Instead, it shipped them into a legal limbo -- the construct of convenience called "enemy combatant" -- under which it could do what it would with them without compunction or consequences for nearly three years.
She based her decision on her conclusion that the Combatant Status Review Tribunals do not have the discretion to determine that a detainee should be classified as a prisoner of war—only whether the detainee satisfies the definition of "enemy combatant" as provided in references (a) and (b).
Here's an example of loose association: a Saudi held in Guantanamo was classified as an enemy combatant because he spent a couple of weeks at a Taliban bean farm. However, he says he was imprisoned on the farm because the Taliban thought he was a Saudi spy.
The Obama administration yesterday jettisoned the Bush-era term "enemy combatant" but maintained a broad right to detain those who provide "substantial" assistance to al-Qaeda and its associates around the globe.
Undetermined status with respect to "durably archived" requirement
Starting only weeks after detainees arrived at Guantanamo, Michael Ratner fought the case on behalf of Hicks and two British detainees, Asif Iqbal and Shafiq Rasul, through lower courts, challenging President Bush’s right to hold these prisoners indefinitely as “enemy combatants” without civil or human rights: an argument that the Supreme Court would affirm, two years later, in a stinging rebuke to the president’s policy.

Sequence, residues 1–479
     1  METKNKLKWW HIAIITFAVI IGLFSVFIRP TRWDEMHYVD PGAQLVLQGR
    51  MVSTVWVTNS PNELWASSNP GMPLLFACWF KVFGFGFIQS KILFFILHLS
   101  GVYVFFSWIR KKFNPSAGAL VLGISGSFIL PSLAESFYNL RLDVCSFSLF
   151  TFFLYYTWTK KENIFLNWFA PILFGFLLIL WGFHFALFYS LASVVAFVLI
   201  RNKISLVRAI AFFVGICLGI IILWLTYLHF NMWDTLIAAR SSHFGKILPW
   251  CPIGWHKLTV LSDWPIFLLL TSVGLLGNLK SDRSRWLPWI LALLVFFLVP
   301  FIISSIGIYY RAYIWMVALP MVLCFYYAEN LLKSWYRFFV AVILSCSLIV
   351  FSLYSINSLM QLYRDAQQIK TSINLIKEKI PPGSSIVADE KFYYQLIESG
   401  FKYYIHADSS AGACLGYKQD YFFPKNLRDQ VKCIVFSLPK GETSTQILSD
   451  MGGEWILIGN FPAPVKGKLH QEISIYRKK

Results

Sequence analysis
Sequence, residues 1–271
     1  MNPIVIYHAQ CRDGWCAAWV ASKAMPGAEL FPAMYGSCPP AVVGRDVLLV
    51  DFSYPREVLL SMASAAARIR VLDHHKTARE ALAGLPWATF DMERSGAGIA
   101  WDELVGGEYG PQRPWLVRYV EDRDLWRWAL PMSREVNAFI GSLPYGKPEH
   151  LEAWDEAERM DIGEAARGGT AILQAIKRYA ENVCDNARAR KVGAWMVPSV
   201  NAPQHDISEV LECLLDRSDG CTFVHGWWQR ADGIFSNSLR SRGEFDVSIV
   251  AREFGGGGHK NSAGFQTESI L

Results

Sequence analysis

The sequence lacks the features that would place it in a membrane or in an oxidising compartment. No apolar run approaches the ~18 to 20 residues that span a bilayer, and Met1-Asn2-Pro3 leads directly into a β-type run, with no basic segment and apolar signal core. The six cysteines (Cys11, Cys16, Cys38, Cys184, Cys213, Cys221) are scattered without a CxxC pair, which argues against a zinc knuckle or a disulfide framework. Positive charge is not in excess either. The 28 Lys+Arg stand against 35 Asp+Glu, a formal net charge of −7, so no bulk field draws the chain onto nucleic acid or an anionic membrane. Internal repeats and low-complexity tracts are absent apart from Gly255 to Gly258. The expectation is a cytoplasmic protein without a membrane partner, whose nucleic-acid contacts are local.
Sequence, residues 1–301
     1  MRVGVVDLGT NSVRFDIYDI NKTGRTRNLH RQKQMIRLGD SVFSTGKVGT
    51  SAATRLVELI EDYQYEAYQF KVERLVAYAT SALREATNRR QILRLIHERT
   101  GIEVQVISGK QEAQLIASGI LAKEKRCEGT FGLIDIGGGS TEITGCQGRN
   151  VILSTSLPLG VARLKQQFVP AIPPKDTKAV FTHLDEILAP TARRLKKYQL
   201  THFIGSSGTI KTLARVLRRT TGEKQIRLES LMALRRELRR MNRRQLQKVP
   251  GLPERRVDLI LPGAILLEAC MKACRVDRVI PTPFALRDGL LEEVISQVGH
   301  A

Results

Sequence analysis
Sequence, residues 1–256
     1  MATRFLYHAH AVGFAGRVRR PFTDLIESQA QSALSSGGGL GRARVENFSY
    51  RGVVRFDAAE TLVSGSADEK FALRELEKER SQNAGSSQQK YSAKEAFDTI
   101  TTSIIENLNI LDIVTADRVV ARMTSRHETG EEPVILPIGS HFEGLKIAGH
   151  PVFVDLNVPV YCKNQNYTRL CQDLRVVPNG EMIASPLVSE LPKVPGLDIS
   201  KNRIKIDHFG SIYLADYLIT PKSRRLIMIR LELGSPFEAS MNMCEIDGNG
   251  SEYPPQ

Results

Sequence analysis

In both cases the prosecution tried to argue that the distinction between "enemy combatants" and "unlawful enemy combatants" was irrelevant based on Bush's 2002 memo in which he stated that Taliban and al Qaeda detainees did not qualify as prisoners of war under the Geneva Conventions, thereby all Taliban and al-Qaeda detainees were unlawful combatants.
In a dramatic break with the Bush administration, the Justice Department on Friday announced it is doing away with the designation of "enemy combatant," which allowed the United States to hold suspected terrorists at length without criminal charges.
While the new government has abandoned the term ‘Enemy Combatant,’ it appears on first reading that whatever they call those they claim the right to detain, they have adopted almost the same standard the Bush administration used to detain people without charge — with one change, the addition of the word ‘substantially’ before the word ‘supported.’